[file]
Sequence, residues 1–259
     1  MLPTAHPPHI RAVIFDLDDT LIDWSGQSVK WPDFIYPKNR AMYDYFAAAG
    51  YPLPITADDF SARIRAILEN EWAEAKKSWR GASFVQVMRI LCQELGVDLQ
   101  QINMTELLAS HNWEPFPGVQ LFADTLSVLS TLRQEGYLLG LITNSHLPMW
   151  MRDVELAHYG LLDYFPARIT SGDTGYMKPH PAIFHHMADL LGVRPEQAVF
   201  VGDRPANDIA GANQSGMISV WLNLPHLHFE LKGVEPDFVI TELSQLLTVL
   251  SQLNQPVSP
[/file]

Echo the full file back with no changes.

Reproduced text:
Sequence, residues 1–259
     1  MLPTAHPPHI RAVIFDLDDT LIDWSGQSVK WPDFIYPKNR AMYDYFAAAG
    51  YPLPITADDF SARIRAILEN EWAEAKKSWR GASFVQVMRI LCQELGVDLQ
   101  QINMTELLAS HNWEPFPGVQ LFADTLSVLS TLRQEGYLLG LITNSHLPMW
   151  MRDVELAHYG LLDYFPARIT SGDTGYMKPH PAIFHHMADL LGVRPEQAVF
   201  VGDRPANDIA GANQSGMISV WLNLPHLHFE LKGVEPDFVI TELSQLLTVL
   251  SQLNQPVSP